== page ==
If the Pirates are to go on and become a serious contender in the National League Central -- and in parity-laced MLB that certainly is on the table -- there’s a good chance they’ll look back on what some prophesied as the Road Trip of Doom as being a key to that success.
The 10 games against the New York Mets, Los Angeles Dodgers and San Diego Padres were cited as games that might mark an end to the team’s contender status for 2014. Instead, the Pirates return to PNC Park tomorrow night reinvigorated by six wins in 10 games as they stay not only in the thick of the early wild-card race but in contention in the division.
That might sound a bit extreme for a team three games under .500 (28-31) and if the Pirates are measured against the first-place Milwaukee Brewers. But they trail the division-favorite St. Louis Cardinals by only 2 1/2 games. There’s a reasonable expectation the Brewers, who are two games under .500 since the end of April, will fall back and St. Louis will be the team to beat.
After a terrible start, the Pirates are 16-11 in their past 27 games. If they can continue to play at that pace -- neither an easy nor an unreasonable goal -- they can stay in the race and challenge for the postseason.
All that said, those hopes took a blow last night when Francisco Liriano, absolutely critical to the team’s future success, threw up the strangest of games -- a one-hit stinker -- in a 3-2 loss to the Padres. Five days after a strong start against the powerful Dodgers lineup, Liriano threw 109 pitches in five innings against the Padres. He allowed only one hit, a bunt, but he walked seven in an extremely disappointing performance.
The Padres scored their runs on a sacrifice fly to the second baseman, a throwing error and a bases-loaded walk. They had only one hit for the game -- the bunt single in the first.
Liriano was ill-served by his defense, particularly by Josh Harrison, who was again heroic at the plate with two doubles and a triple. But a mental and a physical error by Harrison, playing second base, in the first inning helped the Padres score twice.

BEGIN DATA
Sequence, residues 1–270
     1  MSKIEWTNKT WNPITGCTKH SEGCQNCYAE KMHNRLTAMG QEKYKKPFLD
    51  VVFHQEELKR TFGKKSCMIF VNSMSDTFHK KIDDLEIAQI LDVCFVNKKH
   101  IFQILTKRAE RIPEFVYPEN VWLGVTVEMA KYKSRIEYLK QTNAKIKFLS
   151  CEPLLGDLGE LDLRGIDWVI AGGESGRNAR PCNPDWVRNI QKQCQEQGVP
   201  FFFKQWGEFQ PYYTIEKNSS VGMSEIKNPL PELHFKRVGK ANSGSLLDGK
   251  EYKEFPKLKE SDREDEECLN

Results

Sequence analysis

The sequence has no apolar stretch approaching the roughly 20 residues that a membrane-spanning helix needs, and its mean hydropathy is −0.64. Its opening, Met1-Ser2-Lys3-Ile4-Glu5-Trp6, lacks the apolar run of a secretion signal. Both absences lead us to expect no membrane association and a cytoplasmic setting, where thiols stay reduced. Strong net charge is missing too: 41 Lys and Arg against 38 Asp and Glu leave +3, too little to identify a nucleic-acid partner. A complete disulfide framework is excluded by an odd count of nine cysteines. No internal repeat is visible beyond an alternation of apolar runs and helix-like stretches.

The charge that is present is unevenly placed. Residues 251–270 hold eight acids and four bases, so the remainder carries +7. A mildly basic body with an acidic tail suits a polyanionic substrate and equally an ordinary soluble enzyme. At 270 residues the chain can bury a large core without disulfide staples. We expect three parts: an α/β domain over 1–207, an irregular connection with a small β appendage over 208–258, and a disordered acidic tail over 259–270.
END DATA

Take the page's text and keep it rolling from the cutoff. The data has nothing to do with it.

But after the two poor games in New York, that was the only major downer of the trip. The Pirates got improved starting pitching from Gerrit Cole, Charlie Morton and Edinson Volquez, much better work from their bullpen, which is close to 2013 form, and plenty of timely hitting.
Some recent positives:
• In his past seven games, Harrison is 14-for-31 (.452). His batting line is: .317/.349/.520 -- .869. He leads Pirates regulars in batting average and slugging percentage.
• Jordy Mercer is 11-for-17 (.647) in the past four games to raise his batting average from .190 to .226.
• In his past nine games, Pedro Alvarez is 11-for-33 with two home runs and six RBIs.
• Since coming off the disabled list, closer Jason Grilli has made six appearances (six innings) and allowed one run, three hits and struck out 10.
• Reliever Tony Watson has not allowed a run in 18 appearances (18⅔ innings).
• Since moving into the No. 4 spot in the lineup on May 23, Ike Davis is 8-for-38 (.211) with three RBIs. He is 3-for-27 (.111) in the past nine games. It’s good that Davis draws walks and gets on base, but he needs to be more productive in the four slot.
• In his past 21⅔ innings, Liriano has walked 14.
• Since May 7, Starling Marte is 13-for-74 (.176) with 23 strikeouts.
• And the biggest bummer of them all: According to published reports, and contrary to other published reports, the Pirates have no plans to promote Gregory Polanco for the start of the home stand Friday night.